PAGE 3 - The Summit Herald and Berkeley Heights-New Providence Dispatch, Saturday, August 19, 2006Police NewsPelican 1,Summit ki, Pool & Patio Shorn"SUMMER CLEARANCEFour drivers issued summonses for violationsPolice arrested and chargedfour drivers last week for illegalactions.On Friday, Aug. 11, RonnieL. Clark, 20, of Paterson wasarrested and charged atSpringfield and Middle avenuesfor driving with a suspendedlicense and for contempt ofcourt.On Friday, Aug. 11, Hugo C.Ramirez, 42, of Millington wasarrested and charged at MorrisAvenue for driving with a suspended license and having anexpired inspection sticker.On Tuesday, Aug. 15, JulioC. Arrieta, 23, of West Orange was reported. Contents included S70 in cash and a bank card.was arrested and charged atNorwood Avenue for improperpassing and driving with a susENGLISHTOWN AUCTION SALESpended license.On Wednesday, Aus. 16,90 Wilson Are, Englishtown, NJDavid L. Stewart, Jr. 23, of732-446-9644Union was arrested and chargedivww.englishtownauction.comon Kent Place Boulevard for driving while his license was susShopping Hours: Saturdays 7am-4pm,pended and for having passenSundays 9am-4pmger plates on a commercial vehiLet Englishtown Auction Saks Be A Part of Your Shopping Weekendcle.OVER 40 ACRES OF BARGAINS PLUS OVER 300 INDOOR SHOPS &In thefts:SERVICES* ONE STOP SHOPPING 'FREE PARKING FREE ADMISSIONOn Monday, Aug. 14, thetheft of a purse from a Union"THE COUNTRY'S LARGEST OPES AIR MARKET SINCE 1 9 2 9 "Place restaurant at about 2 p.m.Berkeley Heights-AdrertlsemeBtA Gold Mine in Bedroom DrawersNewswire: People are selling their oldscrap gold that is gathering dust forits cash value because gold priesare so high. With the price of gold at a25 year high (over S650.00 per ounce),On Tuesday, Aug. 8, Sgt. processed and released after it makes sense., aRobert Deitch and Patrolman posting bail.Michael Nelson arrested twoA total of 31 motor vehicle gold recycler, offers free insuredmen during the course of a New summonses were issued as a recycle kits so people may cash in theirJersey State Motor Vehicle result of the checkpoint.scrap with 24 hour service andCommission inspection checkOn Saturday, Aug. 12, Sgt. guarantee satisfaction. They acceptArrests made during checkpointpoint.Taken into custody for havine outstanding warrants wereMatthew C. StoeckeL 37, ofWantage, holding a 343 warrant out of Jefferson Township,and Christopher E. Lenox, 30, ofBasking Ridge, holding a 175warrant out of FranklinTownship.Police said Mr. Stoeckel andMr. Lenox were brought topoliceheadquartersandJohn DiPasquale investigated areport of an attempted burglaryat a Saw Mill Drive residence.The investigation found that asuspect had attempted to gainentrance to the residence byforcing entry through the frontdoor. The attempted entryoccurred between 8 a.m. onFriday. Aug. 11, and 8 a.m.Saturday, Aug. 12. The matterhas been referred to theInvestigations Division.Speaker's clubopens its doorsNEW PROVIDENCE —Murray Hill Speaker's Club, alocal chapter of the ToastmastersInternational, is hosting an openhouse from 12 to 1 p.m. onWednesday, Sept. 13, at LucentTechnologies Headquarters, 600Mountain Avenue in MurrayHill. Room 6A101A. The publicis invited.Come and meet the membersand officers.MHSC is a community-basedorganization affiliated withToastmasters International, aworldwide public speaking andleadership club.MHSC was founded in May1961 as a corporate club forAT&T employees. In 2001, theclub opened its doors to outsidemembers to share the renownedToastmasters educational program with more people.The club also has a MentorProgram, matching experiencedclub members to new ones inorder to guide them through thefirst few speech assignments andto provide valuable advice.Barber, John B. Crosby andLauren Irvin."We welcome all living within our service area to attend.InformationaboutSAGEEldercare's programs and services will be available as well asan opportunity to see our newbuilding. SAGE Eldercare staffwill be on hand to answer questions about services for seniorsand their families includingMeals-on-Wheels, Spend-ADay Adult Day Health Center,HomeCare,InfoCareInformation and Referrals,GroceryShopping. ChoreService', SHIP (State HealthInsurance Assistance Program),workshops, support groups andhealth screenings," says SAGEEldercare executive director. Dr.Saul Spivack. Food and drinkswill be provided.Reserve to attend the annualmeeting, at the SAGE development office, 908-273-5942.SB1FINAL DISPLAY CLEARANCE 1UP TO 50% OFF 1Over 500 Leftover Sets.WaittyJaxtciI1y1Now'sTk Tim 2b Buy/Hanamint11FINAl D M CLEAfWCEMake thisyoiff Child'sAREA - Proper training in Classes offered from 8:30 a.m.first aid, CPR and AED can save to noon Wednesday, Aug. 23a life.(SA); from 6 to "9:30 p.m.Contact the local chapter of Thursday. Aus. 24 (SA).CPR Adult, Child, Infant the American Red Cross toimplement training in the work- Classes offered from 6 to 8 or community, or to place Thursday. Aug. 24 (SA); from 6an order for an Automated to 10 p.m. Friday Aug. 25, andfrom 9 a.m. to noon SaturdavExternal Defibrillator.Below are some local chapter Aug. 26 (MSH).Babysitter Training - Fee:course offerings. Call or go toy«S55. Classes from 9 a.m. to 1websites to register.First Aid with CPR - Adult. p.m. Wednesday. Aus. 23Child, Infant CPR - Fee: 65. (SEM).Classes offered 6 to 10 p.m.Standard First Aid withThursday, Aug. 24 (SA); 6 to 10 CPR/AED, Adult - Fee: 60.p.m. Friday Aug. 25, and 9 a.m. Classes offered from 8:30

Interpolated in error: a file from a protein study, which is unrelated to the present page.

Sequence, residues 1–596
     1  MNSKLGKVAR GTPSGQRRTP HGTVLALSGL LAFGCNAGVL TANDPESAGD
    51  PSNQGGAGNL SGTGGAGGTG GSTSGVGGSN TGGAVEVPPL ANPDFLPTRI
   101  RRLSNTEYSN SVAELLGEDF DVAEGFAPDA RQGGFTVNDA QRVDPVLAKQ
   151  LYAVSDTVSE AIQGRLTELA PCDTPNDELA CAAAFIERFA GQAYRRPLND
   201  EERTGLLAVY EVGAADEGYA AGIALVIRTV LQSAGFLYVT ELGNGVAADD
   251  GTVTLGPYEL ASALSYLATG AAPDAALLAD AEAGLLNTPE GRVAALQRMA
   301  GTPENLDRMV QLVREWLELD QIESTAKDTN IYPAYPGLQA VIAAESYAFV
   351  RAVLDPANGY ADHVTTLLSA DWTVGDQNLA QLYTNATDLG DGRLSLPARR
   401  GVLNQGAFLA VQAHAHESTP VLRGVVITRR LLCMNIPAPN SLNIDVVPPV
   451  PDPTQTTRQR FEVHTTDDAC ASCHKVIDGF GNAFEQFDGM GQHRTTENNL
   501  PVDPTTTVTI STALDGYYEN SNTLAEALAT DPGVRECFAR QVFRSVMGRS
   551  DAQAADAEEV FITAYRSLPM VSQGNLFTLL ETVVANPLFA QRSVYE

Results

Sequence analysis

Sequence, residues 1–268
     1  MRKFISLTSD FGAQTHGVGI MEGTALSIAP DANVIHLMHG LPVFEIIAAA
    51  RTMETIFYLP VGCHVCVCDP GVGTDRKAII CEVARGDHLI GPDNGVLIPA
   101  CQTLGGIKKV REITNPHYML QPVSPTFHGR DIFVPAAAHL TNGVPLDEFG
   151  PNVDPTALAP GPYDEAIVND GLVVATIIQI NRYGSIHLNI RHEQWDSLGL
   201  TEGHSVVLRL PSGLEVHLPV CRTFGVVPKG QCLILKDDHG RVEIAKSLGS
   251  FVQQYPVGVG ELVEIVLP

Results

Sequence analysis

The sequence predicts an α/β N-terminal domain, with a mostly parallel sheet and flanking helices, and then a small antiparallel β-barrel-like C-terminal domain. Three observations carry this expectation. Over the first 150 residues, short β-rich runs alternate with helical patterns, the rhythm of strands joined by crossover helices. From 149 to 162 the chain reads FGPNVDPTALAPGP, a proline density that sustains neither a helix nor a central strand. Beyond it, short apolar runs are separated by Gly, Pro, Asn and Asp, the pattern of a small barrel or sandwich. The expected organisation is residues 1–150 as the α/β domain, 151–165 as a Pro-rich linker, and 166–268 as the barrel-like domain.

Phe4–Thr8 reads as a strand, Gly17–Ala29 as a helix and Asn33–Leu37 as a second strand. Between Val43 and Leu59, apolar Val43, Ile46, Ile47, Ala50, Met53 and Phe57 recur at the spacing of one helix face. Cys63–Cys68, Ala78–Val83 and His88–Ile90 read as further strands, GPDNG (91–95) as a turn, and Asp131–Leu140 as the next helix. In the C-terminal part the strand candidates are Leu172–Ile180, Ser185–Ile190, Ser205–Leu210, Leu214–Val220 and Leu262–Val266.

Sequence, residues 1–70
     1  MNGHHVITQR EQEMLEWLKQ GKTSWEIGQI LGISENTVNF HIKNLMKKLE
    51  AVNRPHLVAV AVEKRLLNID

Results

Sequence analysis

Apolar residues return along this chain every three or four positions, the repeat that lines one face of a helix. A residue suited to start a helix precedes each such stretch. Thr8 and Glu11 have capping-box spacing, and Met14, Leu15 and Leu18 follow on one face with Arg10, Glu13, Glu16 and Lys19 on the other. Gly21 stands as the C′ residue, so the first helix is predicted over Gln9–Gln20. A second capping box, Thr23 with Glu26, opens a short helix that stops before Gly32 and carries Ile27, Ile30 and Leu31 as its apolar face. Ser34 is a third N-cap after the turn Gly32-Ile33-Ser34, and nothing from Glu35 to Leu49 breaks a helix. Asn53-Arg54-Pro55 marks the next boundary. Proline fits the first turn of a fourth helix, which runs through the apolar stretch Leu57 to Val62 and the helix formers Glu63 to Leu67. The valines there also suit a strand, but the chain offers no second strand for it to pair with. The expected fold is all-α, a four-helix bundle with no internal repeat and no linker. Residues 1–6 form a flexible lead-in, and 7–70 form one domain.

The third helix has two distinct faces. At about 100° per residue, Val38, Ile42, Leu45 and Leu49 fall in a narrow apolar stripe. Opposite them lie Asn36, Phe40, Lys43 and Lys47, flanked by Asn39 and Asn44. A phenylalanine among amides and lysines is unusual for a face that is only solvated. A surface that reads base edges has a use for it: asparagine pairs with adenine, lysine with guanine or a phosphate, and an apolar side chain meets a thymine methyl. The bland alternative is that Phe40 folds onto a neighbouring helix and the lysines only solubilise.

toys through the NJ State Library Association. The state library had purchased the toys from a catalogue for distribu-tion to libraries across the state. Salt Brook holds fall open house NEW PROVIDENCE - From 4 to 5:30 p.m. on Wednesday, Aua. 30. the Salt Brook School PTA will hold its annual new student open house. All students who will be